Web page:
Florida House Democrats walked out of a Thursday morning hearing on refugees to protest an invited speaker whose ideas on immigration, they said, were inflammatory and offensive.
Mark Krikorian, executive director of the Center for Immigration Studies, was invited by House Republicans to a committee hearing to discuss security concerns related to refugees in the U.S. The House will soon consider removing Florida from a federal resettlement program for refugees.
According to the Southern Poverty Law Center, which tracks hate groups, Krikorian has ties to white nationalists, and his center spreads “anti-immigrant” ideas.
“Mr. Krikorian’s invitation to speak today is an insult to myself and all of my colleagues and the millions of Floridians who we represent,” said state Rep. Bobby DuBose, D-Fort Lauderdale. “To be blunt, [he] is a racist, and the organization he’s representing is a hate group.”
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As Krikorian began to speak via Skype, all five Democrats on the Children, Families and Seniors subcommittee panel stood up and walked out. After he was finished, they returned.
It’s a rare sign of protest in a Legislature where members typically defer to one another and act extraordinarily politely in public.
“I was disappointed,” said Gayle Harrell, R-Stuart, who chairs the committee. “I would have hoped that they would like to hear and listen to a divergence of opinion and ask those tough questions.”
The legislative spotlight on refugees comes amid a populist wave that carried President Donald Trump into office on a platform opposing widespread immigration.
Democratic Leader Janet Cruz of Tampa said Democrats had no choice but to walk out after House leaders refused to cancel the presentation.
Krikorian’s invitation to testify was approved by House Speaker Richard Corcoran, R-Land O’Lakes. He defended Krikorian, citing “free speech” and his experience testifying before Congress and civil rights advocates including Democratic U.S. Reps. John Conyers of Michigan and Sheila Jackson Lee of Texas.
“They didn’t choose to walk out,” Corcoran said. “They didn’t choose to stage a press conference or turn it into a fundraising event.”
After the walkout, the Florida Democratic Party sent an email to donors asking them to “chip in $10 and stand with them today.”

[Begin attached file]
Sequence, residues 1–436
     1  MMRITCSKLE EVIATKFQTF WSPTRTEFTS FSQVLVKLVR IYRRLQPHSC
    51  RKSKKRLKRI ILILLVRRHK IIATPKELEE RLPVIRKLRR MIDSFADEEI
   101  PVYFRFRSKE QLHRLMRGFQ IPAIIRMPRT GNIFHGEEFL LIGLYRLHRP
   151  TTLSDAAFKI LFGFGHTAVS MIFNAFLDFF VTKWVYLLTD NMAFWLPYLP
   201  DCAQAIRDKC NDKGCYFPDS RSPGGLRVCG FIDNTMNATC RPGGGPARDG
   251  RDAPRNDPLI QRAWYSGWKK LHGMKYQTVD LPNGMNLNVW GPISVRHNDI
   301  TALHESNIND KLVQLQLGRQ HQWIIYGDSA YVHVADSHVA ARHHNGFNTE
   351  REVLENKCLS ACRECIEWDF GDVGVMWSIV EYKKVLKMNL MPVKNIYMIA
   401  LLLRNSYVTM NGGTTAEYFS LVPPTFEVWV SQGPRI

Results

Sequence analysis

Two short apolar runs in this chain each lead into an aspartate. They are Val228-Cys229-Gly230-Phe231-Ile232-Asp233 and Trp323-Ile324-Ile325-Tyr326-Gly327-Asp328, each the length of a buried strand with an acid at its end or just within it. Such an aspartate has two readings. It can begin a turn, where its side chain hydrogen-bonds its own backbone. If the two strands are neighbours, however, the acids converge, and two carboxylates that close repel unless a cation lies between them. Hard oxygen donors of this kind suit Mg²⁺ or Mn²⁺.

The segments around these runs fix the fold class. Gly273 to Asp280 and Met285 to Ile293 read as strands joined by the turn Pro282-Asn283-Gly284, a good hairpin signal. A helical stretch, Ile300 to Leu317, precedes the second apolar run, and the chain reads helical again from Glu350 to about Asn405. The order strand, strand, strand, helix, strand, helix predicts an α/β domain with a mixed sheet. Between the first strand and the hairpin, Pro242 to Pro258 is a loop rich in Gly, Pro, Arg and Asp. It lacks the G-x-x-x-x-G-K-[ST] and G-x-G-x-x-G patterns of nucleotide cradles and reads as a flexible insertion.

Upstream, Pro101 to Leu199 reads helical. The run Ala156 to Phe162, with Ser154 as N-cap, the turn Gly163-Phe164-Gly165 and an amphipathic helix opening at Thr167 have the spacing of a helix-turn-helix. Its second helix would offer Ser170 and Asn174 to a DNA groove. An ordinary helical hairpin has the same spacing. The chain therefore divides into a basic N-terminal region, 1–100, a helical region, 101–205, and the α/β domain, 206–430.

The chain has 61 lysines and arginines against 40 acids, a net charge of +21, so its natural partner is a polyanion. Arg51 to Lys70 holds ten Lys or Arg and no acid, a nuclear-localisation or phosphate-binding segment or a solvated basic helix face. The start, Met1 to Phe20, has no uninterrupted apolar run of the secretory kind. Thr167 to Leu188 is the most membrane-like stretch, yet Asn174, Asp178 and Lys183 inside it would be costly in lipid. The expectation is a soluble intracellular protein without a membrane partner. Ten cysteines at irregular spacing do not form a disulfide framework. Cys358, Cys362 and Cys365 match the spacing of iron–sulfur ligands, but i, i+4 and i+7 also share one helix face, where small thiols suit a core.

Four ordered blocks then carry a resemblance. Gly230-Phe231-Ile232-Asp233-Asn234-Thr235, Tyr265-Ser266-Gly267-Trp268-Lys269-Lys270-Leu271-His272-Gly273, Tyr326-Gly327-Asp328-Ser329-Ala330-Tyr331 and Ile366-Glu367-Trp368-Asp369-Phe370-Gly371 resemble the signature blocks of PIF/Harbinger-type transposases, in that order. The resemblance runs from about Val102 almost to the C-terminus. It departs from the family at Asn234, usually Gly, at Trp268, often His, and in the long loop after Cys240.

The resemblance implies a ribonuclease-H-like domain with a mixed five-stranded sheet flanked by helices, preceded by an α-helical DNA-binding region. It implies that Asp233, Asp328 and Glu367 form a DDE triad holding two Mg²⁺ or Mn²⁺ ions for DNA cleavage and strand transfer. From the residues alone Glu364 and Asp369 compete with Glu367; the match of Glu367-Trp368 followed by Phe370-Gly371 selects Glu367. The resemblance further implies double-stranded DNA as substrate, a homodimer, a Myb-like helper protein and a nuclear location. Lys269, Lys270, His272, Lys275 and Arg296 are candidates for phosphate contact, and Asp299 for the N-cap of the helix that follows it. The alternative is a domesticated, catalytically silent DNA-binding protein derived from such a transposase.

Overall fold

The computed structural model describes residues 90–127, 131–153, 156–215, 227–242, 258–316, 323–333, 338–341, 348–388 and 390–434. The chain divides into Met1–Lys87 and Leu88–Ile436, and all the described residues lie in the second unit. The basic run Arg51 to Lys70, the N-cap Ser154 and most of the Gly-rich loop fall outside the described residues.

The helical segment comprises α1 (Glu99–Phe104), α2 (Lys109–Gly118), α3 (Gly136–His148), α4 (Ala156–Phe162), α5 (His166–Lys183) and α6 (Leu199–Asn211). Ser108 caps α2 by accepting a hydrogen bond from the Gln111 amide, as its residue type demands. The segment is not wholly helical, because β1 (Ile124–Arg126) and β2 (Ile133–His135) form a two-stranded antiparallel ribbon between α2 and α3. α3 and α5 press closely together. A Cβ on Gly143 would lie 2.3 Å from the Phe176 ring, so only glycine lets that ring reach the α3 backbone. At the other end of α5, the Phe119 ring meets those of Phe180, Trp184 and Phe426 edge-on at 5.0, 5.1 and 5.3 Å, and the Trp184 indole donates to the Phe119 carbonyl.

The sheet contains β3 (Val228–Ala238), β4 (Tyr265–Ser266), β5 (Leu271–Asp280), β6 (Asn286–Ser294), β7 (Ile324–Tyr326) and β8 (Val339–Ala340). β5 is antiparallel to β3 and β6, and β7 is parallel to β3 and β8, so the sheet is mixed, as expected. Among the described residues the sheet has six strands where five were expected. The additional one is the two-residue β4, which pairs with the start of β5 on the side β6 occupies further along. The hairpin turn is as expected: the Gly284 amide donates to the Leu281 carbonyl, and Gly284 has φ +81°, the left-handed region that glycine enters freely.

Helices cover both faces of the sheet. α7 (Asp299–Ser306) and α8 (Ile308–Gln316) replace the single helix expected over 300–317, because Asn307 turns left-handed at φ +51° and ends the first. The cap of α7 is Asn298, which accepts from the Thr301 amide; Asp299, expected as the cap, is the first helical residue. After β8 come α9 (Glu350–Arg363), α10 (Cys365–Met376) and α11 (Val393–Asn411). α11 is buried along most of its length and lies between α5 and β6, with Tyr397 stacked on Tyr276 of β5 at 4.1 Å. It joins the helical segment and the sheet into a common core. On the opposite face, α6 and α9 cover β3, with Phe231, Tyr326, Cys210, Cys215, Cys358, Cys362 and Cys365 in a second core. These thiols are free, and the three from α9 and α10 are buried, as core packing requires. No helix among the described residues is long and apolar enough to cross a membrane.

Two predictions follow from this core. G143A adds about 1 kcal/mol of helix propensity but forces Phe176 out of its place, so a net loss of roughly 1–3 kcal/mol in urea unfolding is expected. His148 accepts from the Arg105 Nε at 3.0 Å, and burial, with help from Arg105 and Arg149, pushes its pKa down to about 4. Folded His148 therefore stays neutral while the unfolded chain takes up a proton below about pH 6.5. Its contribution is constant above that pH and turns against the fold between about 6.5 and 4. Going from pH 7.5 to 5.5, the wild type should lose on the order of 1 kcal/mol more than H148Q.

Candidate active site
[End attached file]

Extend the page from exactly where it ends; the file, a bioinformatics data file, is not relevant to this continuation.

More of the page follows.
But Cruz said the formal invitation gave credence to Krikorian’s ideas, a show of support that ordinary residents who speak at public meetings don’t receive.
While Democrats spoke out against him in the hallway, Krikorian told Republicans there’s a need for a “strict vetting process” for refugees. Current processes involving federal agencies and the United Nations don’t do enough to keep dangerous people out of the country, he said.
Krikorian’s Center for Immigration Studies, whose website says “low-immigration, pro-immigrant” is one of three groups founded by John Tanton, a Michigan eye doctor the Southern Poverty Law Center calls “the racist architect of the modern anti-immigrant movement.” The SPLC says Krikorian has “carried on Tanton’s racist legacy.”
In a 2013 Washington Post profile, he denounced white nationalism as “pernicious” and “evil,” though he also said white nationalism is caused by high levels of immigration.
State Rep. David Santiago, R-Deltona, is sponsoring legislation (HB 427) removing the state from federal refugee resettlement and leaving that work to private organizations contracted by the federal government.
“We’re in a changing world,” Santiago said. “And for us to just think that we don’t continually need to respond to what’s happening puts our citizens at risk.”
Democrats oppose the premise that refugees pose a threat and point out that there are no documented cases of refugees committing terrorism in Florida.
“Why are we negotiating what’s right?” DuBose said. “What’s right is right.”
Times senior researcher John Martin contributed to this story. Contact Michael Auslen at firstname.lastname@example.org. Follow @MichaelAuslen.